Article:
We note at the outset that there is a major lack of empirical data on issues of access to justice in Canada, which is a shared concern internationally as well. As such, research on civil justice in Canada is not without significant challenges. As several recent reports have indicated, there is a significant and growing need for evidence-based research in all areas of civil and family justice.10x See e.g. Civil Non-Family Cases Filed in the Supreme Court of BC: Research Results and Lessons Learned, A report prepared by Focus Consultants for the Canadian Forum on Civil Justice (Victoria, BC: Canadian Forum on Civil Justice) (2015), at 24-31; Action Committee on Access to Justice in Civil and Family Matters, above n. 8, at 23. See also M. Jerry McHale (for Canadian Forum on Civil Justice), ‘Access to Justice Reform and the Data Deficit – Some Lessons Learned’, SLAW, 25 November 2015, available at: <www.slaw.ca/2015/11/25/access-to-justice-reform-and-the-data-deficit-some-lessons-learned/>; J. Currie, ‘Access to Justice, Access to Clients: Methodological Challenges in Civil Justice Research’, A2J Blog, 18 February 2015, available at: <www.cfcj-fcjc.org/a2jblog/access-to-justice-access-to-clients-methodological-challenges-in-civil-justice-research>. Nevertheless, it is clear that the growing gap between legal needs and affordable legal services remains the most pressing barrier to civil justice in our country. The Canadian Bar Association, relying on empirical studies,11x See A. Currie, The Legal Problems of Everyday Life: The Nature, Extent and Consequences of Justiciable Problems Experienced by Canadians (2009), available at: <www.justice.gc.ca/eng/rp-pr/csj-sjc/jsp-sjp/rr07_la1-rr07_aj1/rr07_la1.pdf>. See also Y. Taddese, ‘Legal Pains: The Cost of Justice Includes Physical Health’, Canadian Lawyer Magazine, 15 March 2015, available at: <www.canadianlawyermag.com/legalfeeds/2587/legal-pains-the-cost-of-justice-includes-physical-health.html>; ‘Everyday Legal Problems and the Cost of Justice in Canada’, A2J Blog, 12 March 2015, available at: <www.cfcj-fcjc.org/a2jblog/everyday-legal-problems-and-the-cost-of-justice-in-canada>. concluded in a recent report that ‘over the course of a lifetime almost everyone will confront a justiciable problem’.12x Canadian Bar Association Access to Justice Committee, above n. 8, at 8. Yet, increasing legal costs have made legal services inaccessible to many Canadians.13x Action Committee on Access to Justice in Civil and Family Matters, above n. 8, at 3. Only 6.7% of people with legal issues use formal court or tribunal systems.14x ‘Everyday Legal Problems and the Cost of Justice in Canada’, A2J Blog, 12 March 2015, available at: <www.cfcj-fcjc.org/a2jblog/everyday-legal-problems-and-the-cost-of-justice-in-canada>. On average, lawyers in Canada bill from $218 to $394 an hour, depending on the seniority of counsel and the jurisdiction of practice.15x M. McKiernan, ‘The Going Rate’, Canadian Lawyer Magazine, 33 at 35 (2014), available at: <www.canadianlawyermag.com/images/stories/pdfs/Surveys/2014/cljune14legalfees.pdf>. A 3-day civil trial may cost over $60,000.16x Ibid., at 36. See also T. Tyler, ‘A 3-Day Trial Likely to Cost You $60,000’, Toronto Star, 3 March 2007, available at: <www.thestar.com/news/2007/03/03/a_3day_trial_likely_to_cost_you_60000.html>. Of course, the costs of legal services greatly vary from province to province and city to city. In comparison, the 2011 average family income after tax in Canada was $79,600 and the average individual income after tax was $31,400.17x Statistics Canada, ‘Average Income after Tax by Economic Family Types (2007-2011)’, 27 June 2013, available at: <www.statcan.gc.ca/tables-tableaux/sum-som/l01/cst01/famil21a-eng.htm>. The prevalence of everyday legal challenges and the unaffordability of legal services underscore the increasing need for access to less expensive simplified procedures.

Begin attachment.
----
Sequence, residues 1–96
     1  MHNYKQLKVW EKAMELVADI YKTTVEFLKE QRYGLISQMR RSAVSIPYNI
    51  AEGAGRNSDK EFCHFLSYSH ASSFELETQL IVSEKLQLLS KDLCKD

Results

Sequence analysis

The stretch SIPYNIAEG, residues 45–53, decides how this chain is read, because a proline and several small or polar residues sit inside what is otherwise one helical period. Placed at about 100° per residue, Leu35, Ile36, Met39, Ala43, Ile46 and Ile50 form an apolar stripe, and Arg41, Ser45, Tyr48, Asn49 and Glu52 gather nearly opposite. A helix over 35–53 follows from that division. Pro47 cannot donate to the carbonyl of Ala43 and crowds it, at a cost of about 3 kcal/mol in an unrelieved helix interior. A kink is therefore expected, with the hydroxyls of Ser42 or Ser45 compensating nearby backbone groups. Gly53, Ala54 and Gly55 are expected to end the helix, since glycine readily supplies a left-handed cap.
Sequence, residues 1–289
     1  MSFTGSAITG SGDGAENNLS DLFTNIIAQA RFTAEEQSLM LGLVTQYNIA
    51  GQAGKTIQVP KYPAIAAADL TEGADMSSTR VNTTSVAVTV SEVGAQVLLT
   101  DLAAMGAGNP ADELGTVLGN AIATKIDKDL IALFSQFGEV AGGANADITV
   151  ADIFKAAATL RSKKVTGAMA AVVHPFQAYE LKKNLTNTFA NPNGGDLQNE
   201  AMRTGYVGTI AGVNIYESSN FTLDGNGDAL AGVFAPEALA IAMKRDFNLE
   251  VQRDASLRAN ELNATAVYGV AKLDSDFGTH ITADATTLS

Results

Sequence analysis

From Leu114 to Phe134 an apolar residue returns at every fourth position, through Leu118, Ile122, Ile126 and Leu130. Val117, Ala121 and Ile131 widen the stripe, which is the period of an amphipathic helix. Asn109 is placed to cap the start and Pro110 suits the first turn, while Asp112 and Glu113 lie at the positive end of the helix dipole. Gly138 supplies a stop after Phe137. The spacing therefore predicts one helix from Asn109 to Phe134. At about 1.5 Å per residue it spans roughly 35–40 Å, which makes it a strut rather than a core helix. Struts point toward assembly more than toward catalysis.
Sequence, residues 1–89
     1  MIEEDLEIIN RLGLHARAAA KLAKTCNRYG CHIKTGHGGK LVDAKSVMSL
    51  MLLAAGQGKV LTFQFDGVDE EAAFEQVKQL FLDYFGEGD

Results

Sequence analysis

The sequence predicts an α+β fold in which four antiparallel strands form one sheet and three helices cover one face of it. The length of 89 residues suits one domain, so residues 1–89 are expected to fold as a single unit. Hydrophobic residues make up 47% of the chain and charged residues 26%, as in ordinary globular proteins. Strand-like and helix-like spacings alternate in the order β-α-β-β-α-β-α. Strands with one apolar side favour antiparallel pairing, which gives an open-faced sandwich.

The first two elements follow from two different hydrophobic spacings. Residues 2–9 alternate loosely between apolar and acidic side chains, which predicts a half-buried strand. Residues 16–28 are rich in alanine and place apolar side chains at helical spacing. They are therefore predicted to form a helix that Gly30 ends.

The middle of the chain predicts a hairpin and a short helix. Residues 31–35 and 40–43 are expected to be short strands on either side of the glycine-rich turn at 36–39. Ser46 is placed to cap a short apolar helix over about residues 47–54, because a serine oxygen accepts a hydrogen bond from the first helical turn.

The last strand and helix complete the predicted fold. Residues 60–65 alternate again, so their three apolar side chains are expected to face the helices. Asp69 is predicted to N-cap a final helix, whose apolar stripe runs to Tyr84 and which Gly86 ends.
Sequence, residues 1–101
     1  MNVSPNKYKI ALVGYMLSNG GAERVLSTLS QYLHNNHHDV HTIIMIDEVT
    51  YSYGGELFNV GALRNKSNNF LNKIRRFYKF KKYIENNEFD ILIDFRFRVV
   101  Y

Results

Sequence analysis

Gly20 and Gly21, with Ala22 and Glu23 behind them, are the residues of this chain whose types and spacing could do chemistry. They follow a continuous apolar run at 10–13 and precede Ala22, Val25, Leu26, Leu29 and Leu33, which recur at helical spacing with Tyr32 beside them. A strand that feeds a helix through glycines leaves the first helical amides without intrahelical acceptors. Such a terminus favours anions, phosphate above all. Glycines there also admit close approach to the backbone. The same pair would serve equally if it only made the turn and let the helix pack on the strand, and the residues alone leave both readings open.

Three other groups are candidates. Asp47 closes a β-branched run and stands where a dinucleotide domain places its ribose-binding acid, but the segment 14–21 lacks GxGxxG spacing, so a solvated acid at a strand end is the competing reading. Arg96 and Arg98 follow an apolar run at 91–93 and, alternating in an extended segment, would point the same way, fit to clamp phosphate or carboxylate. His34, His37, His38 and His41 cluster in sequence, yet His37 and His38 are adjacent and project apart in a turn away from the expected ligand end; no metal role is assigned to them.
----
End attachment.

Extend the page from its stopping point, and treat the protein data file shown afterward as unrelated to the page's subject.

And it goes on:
The complexities and time-intensive nature of even basic legal procedures also plague Canadian civil justice. The Action Committee on Access to Justice in Civil and Family Matters (‘Action Committee’) explained that ‘formal procedures seem to grow ever more complicated and disproportionate to the needs of the litigants and the matters involved’.18x Action Committee on Access to Justice in Civil and Family Matters, above n. 8, at 7. One judge, writing extra-judicially, commented that the rapid decline of the traditional trial is often attributed to the ‘significant time delay and cost associated with litigation process’.19x Honourable C.L. Campbell, ‘Managing the Civil Process’, 32(2) Advocates’ Society Journal 9, at 9 (2013). The Ontario Civil Justice Review in 1995 further suggested that ‘[f]rom wasteful motions through endless discovery to long waiting for pre-trials, trials and appeals, the public perceives the civil justice system to be out of control’.20x Honourable R.A. Blair and S. Lang, Civil Justice Review: First Report (Toronto: Queen’s Printer for Ontario) (1995), at 126, available at: <www.attorneygeneral.jus.gov.on.ca/english/about/pubs/cjr/firstreport/default.asp>. These comments are as relevant today, as they were 20 years ago.